6. Avatar
    Fogs' Movie Reviews Reply

    Drop Enemy of the State to #3, Dan and I’m right with you. 😀

    It does cleverly call back Coppola’s “The Conversation”, but the bad assness of True Romance and Man on Fire are too much for it.

    Sad to hear what happened.

  7. Avatar
    Alex Withrow Reply

    Nice list, Dan. Enemy of the State at number 1 is a groovy choice. I’d go True Romance, followed by Man on Fire, but either way, the man made some fine, entertaining films. Such a sad sad day.

  8. Avatar
    Rodney Reply

    Sadest and most shocking news of the year so far, easily. While I didn’t think a lot of Scott’s more recent stuff (at least post-Enemy of The State), his earier work is still pretty damned entertaining. I’d have had Crimson Tide way higher, though. It’s a damn sight better than Man On Fire.

  9. Avatar
    Neal Damiano Reply

    Wow you move pretty quick Dan Cheers to you for doing this …very sad what talent we loss. Great list but I would of put True Romance as number 1, personally.

  10. Avatar
    mark Reply

    I thought he was pretty hit and miss at best, but maybe that was the point. Never a fan of Top Gun or Days of Thunder; sort of liked half of The Hunger, but it slipped pretty badly during the second half. Thought The Fan was pretty silly. As for Last Boy Scout, sure Brucie was cool, but it also showed us why Damon Wayans should never try drama.

    Having said that, True Romance – which I wooda had as no 1 – was great (even if the beating of Ms Arquette was kinda misogynistic and gratuitious), while I never turn off Enemy of the State when it’s on TV.

    Yeah, pity we lost him, for he was never dull.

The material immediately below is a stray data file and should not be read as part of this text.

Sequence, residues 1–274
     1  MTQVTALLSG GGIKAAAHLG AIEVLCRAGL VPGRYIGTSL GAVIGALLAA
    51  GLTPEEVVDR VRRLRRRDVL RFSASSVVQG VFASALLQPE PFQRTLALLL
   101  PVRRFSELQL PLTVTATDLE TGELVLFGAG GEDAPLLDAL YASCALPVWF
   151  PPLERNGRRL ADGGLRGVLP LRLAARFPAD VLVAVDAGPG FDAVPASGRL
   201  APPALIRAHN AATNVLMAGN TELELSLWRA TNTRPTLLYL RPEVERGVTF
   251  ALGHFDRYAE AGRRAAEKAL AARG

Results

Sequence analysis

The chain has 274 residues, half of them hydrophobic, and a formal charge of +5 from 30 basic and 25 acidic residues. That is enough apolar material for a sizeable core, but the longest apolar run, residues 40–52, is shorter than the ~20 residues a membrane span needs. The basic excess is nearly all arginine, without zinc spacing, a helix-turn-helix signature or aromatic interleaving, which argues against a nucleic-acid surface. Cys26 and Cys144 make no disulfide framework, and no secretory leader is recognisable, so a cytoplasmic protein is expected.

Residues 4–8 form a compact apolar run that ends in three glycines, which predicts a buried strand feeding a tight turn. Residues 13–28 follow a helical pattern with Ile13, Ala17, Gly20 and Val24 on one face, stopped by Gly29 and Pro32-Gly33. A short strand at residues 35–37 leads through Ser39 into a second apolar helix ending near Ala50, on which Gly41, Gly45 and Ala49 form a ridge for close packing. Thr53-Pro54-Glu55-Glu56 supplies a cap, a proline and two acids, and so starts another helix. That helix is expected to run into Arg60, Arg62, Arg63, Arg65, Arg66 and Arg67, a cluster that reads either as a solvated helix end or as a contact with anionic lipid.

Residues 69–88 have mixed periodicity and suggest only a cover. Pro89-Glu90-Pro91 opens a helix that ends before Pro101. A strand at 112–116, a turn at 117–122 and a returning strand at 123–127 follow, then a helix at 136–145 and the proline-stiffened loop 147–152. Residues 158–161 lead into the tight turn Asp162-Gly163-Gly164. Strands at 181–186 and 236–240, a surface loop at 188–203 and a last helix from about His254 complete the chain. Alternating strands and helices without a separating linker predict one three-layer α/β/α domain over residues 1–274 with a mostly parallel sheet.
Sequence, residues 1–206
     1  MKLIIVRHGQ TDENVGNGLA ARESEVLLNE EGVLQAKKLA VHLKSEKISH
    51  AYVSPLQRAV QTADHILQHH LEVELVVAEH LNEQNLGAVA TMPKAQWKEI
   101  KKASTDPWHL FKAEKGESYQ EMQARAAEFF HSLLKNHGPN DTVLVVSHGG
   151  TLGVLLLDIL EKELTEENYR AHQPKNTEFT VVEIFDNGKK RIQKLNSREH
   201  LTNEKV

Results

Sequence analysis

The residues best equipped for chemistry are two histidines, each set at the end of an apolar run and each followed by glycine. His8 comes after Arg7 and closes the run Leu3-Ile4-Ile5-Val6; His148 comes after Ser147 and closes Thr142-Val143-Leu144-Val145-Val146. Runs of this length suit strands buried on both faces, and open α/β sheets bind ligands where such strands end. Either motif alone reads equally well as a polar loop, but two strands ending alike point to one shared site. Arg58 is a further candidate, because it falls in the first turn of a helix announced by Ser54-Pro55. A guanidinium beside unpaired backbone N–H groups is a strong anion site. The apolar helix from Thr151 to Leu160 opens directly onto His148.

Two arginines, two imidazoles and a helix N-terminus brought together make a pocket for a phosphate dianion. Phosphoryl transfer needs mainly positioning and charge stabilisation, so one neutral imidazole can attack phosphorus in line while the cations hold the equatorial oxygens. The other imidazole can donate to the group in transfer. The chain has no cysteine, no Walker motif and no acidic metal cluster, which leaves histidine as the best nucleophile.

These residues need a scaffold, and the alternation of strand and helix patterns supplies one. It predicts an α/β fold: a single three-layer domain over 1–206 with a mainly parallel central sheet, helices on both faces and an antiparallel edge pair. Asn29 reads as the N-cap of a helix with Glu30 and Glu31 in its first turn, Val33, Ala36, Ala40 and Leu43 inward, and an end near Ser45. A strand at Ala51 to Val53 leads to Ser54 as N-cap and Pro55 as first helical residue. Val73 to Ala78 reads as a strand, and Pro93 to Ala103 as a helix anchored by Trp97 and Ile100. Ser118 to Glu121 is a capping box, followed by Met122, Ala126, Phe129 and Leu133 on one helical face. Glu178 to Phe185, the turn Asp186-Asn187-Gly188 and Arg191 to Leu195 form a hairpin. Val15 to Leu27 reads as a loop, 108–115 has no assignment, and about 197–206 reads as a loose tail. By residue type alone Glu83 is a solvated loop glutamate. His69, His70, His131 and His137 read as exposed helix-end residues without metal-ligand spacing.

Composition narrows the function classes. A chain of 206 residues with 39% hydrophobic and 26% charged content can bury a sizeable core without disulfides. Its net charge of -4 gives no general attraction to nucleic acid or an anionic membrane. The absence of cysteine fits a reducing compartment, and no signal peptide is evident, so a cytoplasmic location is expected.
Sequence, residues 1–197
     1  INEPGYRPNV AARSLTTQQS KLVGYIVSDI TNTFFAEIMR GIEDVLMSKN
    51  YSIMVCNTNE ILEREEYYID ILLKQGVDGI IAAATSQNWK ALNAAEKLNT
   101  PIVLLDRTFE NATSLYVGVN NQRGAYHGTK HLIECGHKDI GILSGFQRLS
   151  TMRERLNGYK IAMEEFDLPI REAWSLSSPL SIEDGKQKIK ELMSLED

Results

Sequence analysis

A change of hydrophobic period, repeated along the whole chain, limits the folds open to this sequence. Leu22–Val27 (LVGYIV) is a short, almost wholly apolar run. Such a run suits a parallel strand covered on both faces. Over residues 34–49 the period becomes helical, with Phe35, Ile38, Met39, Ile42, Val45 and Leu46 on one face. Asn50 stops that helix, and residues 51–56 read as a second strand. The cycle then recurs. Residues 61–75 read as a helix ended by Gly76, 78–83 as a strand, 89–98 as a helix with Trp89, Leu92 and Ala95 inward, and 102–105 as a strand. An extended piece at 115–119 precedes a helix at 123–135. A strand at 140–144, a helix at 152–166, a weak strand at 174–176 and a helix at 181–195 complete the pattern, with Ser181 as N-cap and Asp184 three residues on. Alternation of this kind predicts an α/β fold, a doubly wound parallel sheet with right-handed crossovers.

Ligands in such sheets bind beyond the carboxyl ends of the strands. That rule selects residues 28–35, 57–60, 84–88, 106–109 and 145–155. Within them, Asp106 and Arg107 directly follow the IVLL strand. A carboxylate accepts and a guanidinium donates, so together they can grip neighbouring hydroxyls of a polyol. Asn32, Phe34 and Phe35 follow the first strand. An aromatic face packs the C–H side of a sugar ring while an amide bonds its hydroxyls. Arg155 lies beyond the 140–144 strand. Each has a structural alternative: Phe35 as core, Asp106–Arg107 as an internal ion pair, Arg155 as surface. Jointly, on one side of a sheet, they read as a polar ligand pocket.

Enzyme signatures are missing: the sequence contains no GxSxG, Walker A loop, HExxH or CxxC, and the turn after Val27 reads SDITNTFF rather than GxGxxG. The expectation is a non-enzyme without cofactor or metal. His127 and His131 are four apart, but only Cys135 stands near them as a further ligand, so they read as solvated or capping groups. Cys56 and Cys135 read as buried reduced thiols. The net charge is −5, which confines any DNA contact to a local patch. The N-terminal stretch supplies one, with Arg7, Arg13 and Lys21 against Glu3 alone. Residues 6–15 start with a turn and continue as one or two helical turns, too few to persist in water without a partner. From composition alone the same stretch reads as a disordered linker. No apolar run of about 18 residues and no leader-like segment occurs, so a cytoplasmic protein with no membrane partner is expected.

11. Avatar
    Dan Reply

    It seems the general consensus is to see True Romance at number one. Of course, I agree that its one of his best but Enemy of the State represented him as a filmmaker perfectly.

    @Neal: I think that’s a Tarantino trait – he loves to see the ladies get their asses kicked only to find some retribution. A few spring to mind – Death Proof, Kill Bill, Inglorious Basterds recently.

  12. Avatar
    Neal Damiano Reply

    @Dan well to be honest I think True Romance is overall a great film from storyline to the acting plus I’m a huge Christian Slater fan he’s one of my favorite actors (guilty pleasure)so it’s not so much to do with Tarantino even though huge fan of his earlier work! I like the styled way Scott shot the film (True Romance) But I also love Beverly Hills Cop 2 and Top Gun nice to see them here.

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    Evan Crean Reply

    Very sad about Tony Scott’s passing. He was one of my favorite directors. A fantastic list. I don’t disagree with any on here. For me personally though, True Romance and The Last Boy Scout are my top two Tony Scott films. Scott was responsible for Tarantino changing the ending of True Romance, thankfully the couple gets a happy ending instead of the depressing one Tarantino had originally planned. Honorable mention should also go to Scott’s short “Beat the Devil” from the BMV shorts starring Clive Owen. Clive Owen racing Gary Oldman and Danny Trejo, with special guest appearance from Marilyn Manson? Can’t get much better than that.

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    Louise Reply

    Despite Ridley Scott being the more critically acclaimed, I always preferred Tony Scott’s work and think we’ve lost a real talent and a man who knew exactly how to keep audiences happy. My favourites would be Top Gun and Crimson Tide – Washington and Hackman going toe to toe is just fantastic.

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    Scott Lawlor Reply

    Brilliant work as ever Dan. I love many of these films, Tony will be sorely missed!!

    How are you anyways?

  16. Avatar
    Mavi Reply

    Everyone will have their preferences of order but the thing about Tony was his films are so re-watch-able, Enemy of the State I have probably seem 15+ times not always paying 100% attention but they are just great any time movies… Even tho I pretty much hated this last couple of offerings his filmography as a collection has got to be in the top 10….